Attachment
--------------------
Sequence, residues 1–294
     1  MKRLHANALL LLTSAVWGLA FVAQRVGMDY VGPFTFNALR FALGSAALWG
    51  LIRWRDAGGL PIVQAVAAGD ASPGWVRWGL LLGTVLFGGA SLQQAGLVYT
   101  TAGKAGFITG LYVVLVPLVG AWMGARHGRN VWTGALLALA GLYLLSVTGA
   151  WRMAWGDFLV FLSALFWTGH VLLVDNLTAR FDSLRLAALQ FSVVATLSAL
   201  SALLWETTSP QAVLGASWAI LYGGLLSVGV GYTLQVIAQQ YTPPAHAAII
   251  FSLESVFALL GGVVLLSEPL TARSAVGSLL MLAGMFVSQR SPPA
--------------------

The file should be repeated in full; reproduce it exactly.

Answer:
Sequence, residues 1–294
     1  MKRLHANALL LLTSAVWGLA FVAQRVGMDY VGPFTFNALR FALGSAALWG
    51  LIRWRDAGGL PIVQAVAAGD ASPGWVRWGL LLGTVLFGGA SLQQAGLVYT
   101  TAGKAGFITG LYVVLVPLVG AWMGARHGRN VWTGALLALA GLYLLSVTGA
   151  WRMAWGDFLV FLSALFWTGH VLLVDNLTAR FDSLRLAALQ FSVVATLSAL
   201  SALLWETTSP QAVLGASWAI LYGGLLSVGV GYTLQVIAQQ YTPPAHAAII
   251  FSLESVFALL GGVVLLSEPL TARSAVGSLL MLAGMFVSQR SPPA